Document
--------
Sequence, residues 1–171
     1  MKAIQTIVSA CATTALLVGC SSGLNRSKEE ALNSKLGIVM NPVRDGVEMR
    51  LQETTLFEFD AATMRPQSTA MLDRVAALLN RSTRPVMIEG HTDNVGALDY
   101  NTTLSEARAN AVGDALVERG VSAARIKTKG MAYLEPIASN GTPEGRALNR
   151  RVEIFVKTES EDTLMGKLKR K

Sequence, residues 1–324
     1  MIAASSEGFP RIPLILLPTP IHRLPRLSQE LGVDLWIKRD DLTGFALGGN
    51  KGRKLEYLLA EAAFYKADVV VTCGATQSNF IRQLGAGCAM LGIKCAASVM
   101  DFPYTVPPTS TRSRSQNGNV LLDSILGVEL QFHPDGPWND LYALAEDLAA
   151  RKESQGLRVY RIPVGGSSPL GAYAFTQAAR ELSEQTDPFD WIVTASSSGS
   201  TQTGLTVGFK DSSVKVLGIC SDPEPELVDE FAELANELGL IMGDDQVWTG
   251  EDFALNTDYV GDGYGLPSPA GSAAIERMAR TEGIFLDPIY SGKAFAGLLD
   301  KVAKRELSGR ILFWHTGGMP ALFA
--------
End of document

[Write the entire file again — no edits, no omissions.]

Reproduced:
Sequence, residues 1–171
     1  MKAIQTIVSA CATTALLVGC SSGLNRSKEE ALNSKLGIVM NPVRDGVEMR
    51  LQETTLFEFD AATMRPQSTA MLDRVAALLN RSTRPVMIEG HTDNVGALDY
   101  NTTLSEARAN AVGDALVERG VSAARIKTKG MAYLEPIASN GTPEGRALNR
   151  RVEIFVKTES EDTLMGKLKR K

Sequence, residues 1–324
     1  MIAASSEGFP RIPLILLPTP IHRLPRLSQE LGVDLWIKRD DLTGFALGGN
    51  KGRKLEYLLA EAAFYKADVV VTCGATQSNF IRQLGAGCAM LGIKCAASVM
   101  DFPYTVPPTS TRSRSQNGNV LLDSILGVEL QFHPDGPWND LYALAEDLAA
   151  RKESQGLRVY RIPVGGSSPL GAYAFTQAAR ELSEQTDPFD WIVTASSSGS
   201  TQTGLTVGFK DSSVKVLGIC SDPEPELVDE FAELANELGL IMGDDQVWTG
   251  EDFALNTDYV GDGYGLPSPA GSAAIERMAR TEGIFLDPIY SGKAFAGLLD
   301  KVAKRELSGR ILFWHTGGMP ALFA